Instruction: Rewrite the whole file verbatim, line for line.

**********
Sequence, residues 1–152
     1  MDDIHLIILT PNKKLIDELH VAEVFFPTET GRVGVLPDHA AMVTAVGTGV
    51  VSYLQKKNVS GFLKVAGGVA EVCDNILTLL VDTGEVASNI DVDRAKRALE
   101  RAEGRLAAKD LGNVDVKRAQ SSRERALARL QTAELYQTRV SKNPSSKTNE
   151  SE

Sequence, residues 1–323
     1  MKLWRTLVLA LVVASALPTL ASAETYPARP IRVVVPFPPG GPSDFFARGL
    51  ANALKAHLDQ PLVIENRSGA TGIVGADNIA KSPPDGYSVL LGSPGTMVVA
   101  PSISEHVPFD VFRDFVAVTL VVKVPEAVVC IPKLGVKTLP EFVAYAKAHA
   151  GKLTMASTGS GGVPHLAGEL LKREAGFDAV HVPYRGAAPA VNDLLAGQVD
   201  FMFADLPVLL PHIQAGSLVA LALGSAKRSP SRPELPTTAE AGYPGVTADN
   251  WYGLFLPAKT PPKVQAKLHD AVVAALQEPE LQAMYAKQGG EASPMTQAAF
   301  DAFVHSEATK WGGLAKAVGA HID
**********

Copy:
Sequence, residues 1–152
     1  MDDIHLIILT PNKKLIDELH VAEVFFPTET GRVGVLPDHA AMVTAVGTGV
    51  VSYLQKKNVS GFLKVAGGVA EVCDNILTLL VDTGEVASNI DVDRAKRALE
   101  RAEGRLAAKD LGNVDVKRAQ SSRERALARL QTAELYQTRV SKNPSSKTNE
   151  SE

Sequence, residues 1–323
     1  MKLWRTLVLA LVVASALPTL ASAETYPARP IRVVVPFPPG GPSDFFARGL
    51  ANALKAHLDQ PLVIENRSGA TGIVGADNIA KSPPDGYSVL LGSPGTMVVA
   101  PSISEHVPFD VFRDFVAVTL VVKVPEAVVC IPKLGVKTLP EFVAYAKAHA
   151  GKLTMASTGS GGVPHLAGEL LKREAGFDAV HVPYRGAAPA VNDLLAGQVD
   201  FMFADLPVLL PHIQAGSLVA LALGSAKRSP SRPELPTTAE AGYPGVTADN
   251  WYGLFLPAKT PPKVQAKLHD AVVAALQEPE LQAMYAKQGG EASPMTQAAF
   301  DAFVHSEATK WGGLAKAVGA HID